One of the things I found when I was last 'resting' is that you should sign on the day you stop work. Even if there are a bunch of things coming up, you can't be sure they'll come off, and if you do get yourself into a pickle they'll ask why you hadn't signed on ages ago. Retrospective is not a word the employment service understands.
And if you're actually looking for a job, and are qualified for the things you're trying to find a job in, it's actually a pretty painless process. The staff treat you with respect, and the jobseekers form is genuinely useful - to the point where it's now become a spreadsheet I use to track calls and actions from them.
So I'm in the jobcentre, signing on for the first time and I say to the rather nice chap behind the desk "So when do I next have to sign on?"
"Ah, not for four weeks"
"Hooray! Well, and good for you too."
"Hahaha. Gosh no, I wish I had four weeks off"
And then there's an awkward silence as we both realise what we've done.
Despite the fact I am jobhunting, I've just acted as though the dole is a way of having a holiday. And he, despite the fact he's there to ensure I'm fully empowered and actively jobhunting, acted as though I was going to doss around for four weeks.
Neither of us meant that, but a wrongfooted moment put us both back into a tv-led cliche from the early 80s.
He did give me the money though...
December 16, 2003
Small but perfectly formed
Well, a few things in life are looking up at the moment.
- Possibly got a bit of work for next week. A nice little chunk of cash at a critical moment.
- We're probably going to be having the baby at home. This will be lovely, though it sounds scary and messy until you've looked into it.
- 'Spadger' is just plain *huge*. She's 35 weeks at the moment, but the height of a 37-week-old. (Warning, scary biology bit coming up) When you have a baby, there's this stage at the end where 'the head engages'. This is where it finally settles into the dip at the bottom of the womb, and it drops by an inch or two. This then means that the mum can breathe again and doesn't get heartburn, as there's no baby pushing things back up. Sadly, because spadger is so tall, she has already engaged. So no let up for Vix. But for good reasons.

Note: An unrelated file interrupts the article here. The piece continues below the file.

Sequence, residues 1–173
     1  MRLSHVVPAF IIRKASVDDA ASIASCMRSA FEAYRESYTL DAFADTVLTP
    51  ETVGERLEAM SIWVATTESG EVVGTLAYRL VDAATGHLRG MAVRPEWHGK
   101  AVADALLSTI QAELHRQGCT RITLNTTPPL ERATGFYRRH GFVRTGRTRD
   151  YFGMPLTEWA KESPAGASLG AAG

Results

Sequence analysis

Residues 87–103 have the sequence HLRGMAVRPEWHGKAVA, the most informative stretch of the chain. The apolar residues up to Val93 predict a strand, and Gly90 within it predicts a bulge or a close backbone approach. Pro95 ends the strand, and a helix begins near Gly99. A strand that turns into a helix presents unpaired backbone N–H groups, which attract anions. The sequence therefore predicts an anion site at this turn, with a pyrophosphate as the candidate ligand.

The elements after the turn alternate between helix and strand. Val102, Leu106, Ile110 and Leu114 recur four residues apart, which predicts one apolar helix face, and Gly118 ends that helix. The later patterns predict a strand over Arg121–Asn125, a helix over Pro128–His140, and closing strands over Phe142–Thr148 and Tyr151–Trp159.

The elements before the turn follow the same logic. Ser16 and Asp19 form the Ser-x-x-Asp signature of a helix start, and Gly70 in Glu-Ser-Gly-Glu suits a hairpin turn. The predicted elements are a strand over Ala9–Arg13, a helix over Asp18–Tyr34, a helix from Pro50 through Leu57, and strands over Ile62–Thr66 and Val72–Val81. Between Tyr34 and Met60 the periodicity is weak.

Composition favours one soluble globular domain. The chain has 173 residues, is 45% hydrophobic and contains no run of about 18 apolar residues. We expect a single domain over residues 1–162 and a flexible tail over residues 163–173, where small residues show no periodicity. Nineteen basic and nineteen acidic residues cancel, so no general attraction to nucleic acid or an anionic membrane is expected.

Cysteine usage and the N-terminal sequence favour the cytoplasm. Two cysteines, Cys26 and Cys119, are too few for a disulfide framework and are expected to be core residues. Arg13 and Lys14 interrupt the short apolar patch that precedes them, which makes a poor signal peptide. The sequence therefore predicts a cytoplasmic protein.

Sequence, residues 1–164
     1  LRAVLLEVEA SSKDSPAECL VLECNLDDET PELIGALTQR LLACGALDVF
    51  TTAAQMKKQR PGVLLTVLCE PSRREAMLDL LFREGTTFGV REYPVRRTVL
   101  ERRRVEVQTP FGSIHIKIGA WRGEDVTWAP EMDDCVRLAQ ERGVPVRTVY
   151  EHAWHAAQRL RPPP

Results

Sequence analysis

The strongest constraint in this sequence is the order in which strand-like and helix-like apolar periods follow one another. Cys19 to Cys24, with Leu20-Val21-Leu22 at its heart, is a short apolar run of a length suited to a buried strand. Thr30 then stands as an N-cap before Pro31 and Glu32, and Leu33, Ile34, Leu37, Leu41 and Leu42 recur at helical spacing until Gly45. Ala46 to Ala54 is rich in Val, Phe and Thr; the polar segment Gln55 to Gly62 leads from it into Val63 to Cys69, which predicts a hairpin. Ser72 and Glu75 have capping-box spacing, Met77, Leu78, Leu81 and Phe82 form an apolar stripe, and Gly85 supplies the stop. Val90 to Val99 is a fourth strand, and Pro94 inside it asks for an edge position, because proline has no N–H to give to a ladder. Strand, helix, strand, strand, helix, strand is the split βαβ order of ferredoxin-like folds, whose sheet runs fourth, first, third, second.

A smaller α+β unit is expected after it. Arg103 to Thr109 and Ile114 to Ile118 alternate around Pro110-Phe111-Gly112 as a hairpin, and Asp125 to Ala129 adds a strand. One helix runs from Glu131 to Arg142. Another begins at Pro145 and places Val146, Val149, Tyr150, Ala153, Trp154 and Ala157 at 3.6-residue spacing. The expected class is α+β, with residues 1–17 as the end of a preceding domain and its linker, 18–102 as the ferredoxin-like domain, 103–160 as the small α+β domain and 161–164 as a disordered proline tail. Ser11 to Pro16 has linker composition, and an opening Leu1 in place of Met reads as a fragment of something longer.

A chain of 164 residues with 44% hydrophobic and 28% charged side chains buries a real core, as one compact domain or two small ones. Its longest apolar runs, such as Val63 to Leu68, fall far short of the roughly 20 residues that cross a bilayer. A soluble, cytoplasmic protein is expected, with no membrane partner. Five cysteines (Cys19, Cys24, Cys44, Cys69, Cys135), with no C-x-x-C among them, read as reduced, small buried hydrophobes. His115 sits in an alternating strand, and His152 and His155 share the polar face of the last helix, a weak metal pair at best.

- Badlanguage is coming along nicely. Greyscreen up v soon. You're going to like it. Probably.
- Keeping jobhunting confined to certain hours of the day in certain rooms of the house does wonders for your sanity
- As does the MDs of recruitment agencies saying they want to see you personally
- Nursery fees? Bollocks, we'll just put them on the mortgage...
- A few nice essays bubbling away in my head. Mostly politics strangely
- Oh, and I realised that I'm allowed to pitch interactive ideas to broadcasters as an independent producer. I don't have to wait for them to give me a job.
- I'm going to a lovely party tonight, where I'm looking forward, rather than looking back.
In many ways, the last few days have signified a change from abject misery that this time - the run up to christmas and then the birth - wasn't how we'd imagined at all, into a gift that we're getting to spend our last bit of time as just a couple *as* a couple, rather than having all that awful work stuff getting in the way.
Many more useful bloggy things to say, but they'll have to wait for a little while as the rapidly-filling car parks of Bluewater beckon for Christmas shopping...
December 11, 2003
Essay To-Do List
A bunch of things I really must write up/finish and stick online at some stage:
- Using control theory as an analytical tool on increasingly complex interactive formats, to give program-makers a set of traps to avoid.
- Where synthespian research keeps getting it wrong - the point they keep missing
- Time Management as a left-brain/right-brain issue
- Why NCT classes were more useful for the men than the women
- The 'bad language' project
Got to get in to get out
So much stuff I want to post. So much stuff that I know I shouldn't. Even sensible points will come out wrong. Stuffing things in the linklog to come back to late. Probably.
Thanks all for the nice messages below.